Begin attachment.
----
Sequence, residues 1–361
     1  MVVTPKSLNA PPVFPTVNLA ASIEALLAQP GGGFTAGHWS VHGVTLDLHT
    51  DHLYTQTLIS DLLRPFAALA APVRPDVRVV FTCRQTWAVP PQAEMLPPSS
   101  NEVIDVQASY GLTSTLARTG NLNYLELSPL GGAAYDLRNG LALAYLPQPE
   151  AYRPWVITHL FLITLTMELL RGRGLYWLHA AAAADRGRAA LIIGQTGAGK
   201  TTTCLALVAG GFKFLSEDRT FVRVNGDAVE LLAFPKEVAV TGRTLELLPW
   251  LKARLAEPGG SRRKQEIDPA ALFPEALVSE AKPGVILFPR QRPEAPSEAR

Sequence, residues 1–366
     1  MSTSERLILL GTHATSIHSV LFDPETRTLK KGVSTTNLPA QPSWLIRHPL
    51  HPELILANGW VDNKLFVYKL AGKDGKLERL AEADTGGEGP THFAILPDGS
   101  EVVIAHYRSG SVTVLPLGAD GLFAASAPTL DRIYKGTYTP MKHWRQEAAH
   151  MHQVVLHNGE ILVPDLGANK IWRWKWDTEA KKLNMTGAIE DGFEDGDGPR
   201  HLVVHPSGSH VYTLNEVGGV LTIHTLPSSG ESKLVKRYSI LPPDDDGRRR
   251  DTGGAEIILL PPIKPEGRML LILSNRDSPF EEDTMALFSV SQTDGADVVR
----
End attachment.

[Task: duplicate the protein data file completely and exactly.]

Sequence, residues 1–361
     1  MVVTPKSLNA PPVFPTVNLA ASIEALLAQP GGGFTAGHWS VHGVTLDLHT
    51  DHLYTQTLIS DLLRPFAALA APVRPDVRVV FTCRQTWAVP PQAEMLPPSS
   101  NEVIDVQASY GLTSTLARTG NLNYLELSPL GGAAYDLRNG LALAYLPQPE
   151  AYRPWVITHL FLITLTMELL RGRGLYWLHA AAAADRGRAA LIIGQTGAGK
   201  TTTCLALVAG GFKFLSEDRT FVRVNGDAVE LLAFPKEVAV TGRTLELLPW
   251  LKARLAEPGG SRRKQEIDPA ALFPEALVSE AKPGVILFPR QRPEAPSEAR

Sequence, residues 1–366
     1  MSTSERLILL GTHATSIHSV LFDPETRTLK KGVSTTNLPA QPSWLIRHPL
    51  HPELILANGW VDNKLFVYKL AGKDGKLERL AEADTGGEGP THFAILPDGS
   101  EVVIAHYRSG SVTVLPLGAD GLFAASAPTL DRIYKGTYTP MKHWRQEAAH
   151  MHQVVLHNGE ILVPDLGANK IWRWKWDTEA KKLNMTGAIE DGFEDGDGPR
   201  HLVVHPSGSH VYTLNEVGGV LTIHTLPSSG ESKLVKRYSI LPPDDDGRRR
   251  DTGGAEIILL PPIKPEGRML LILSNRDSPF EEDTMALFSV SQTDGADVVR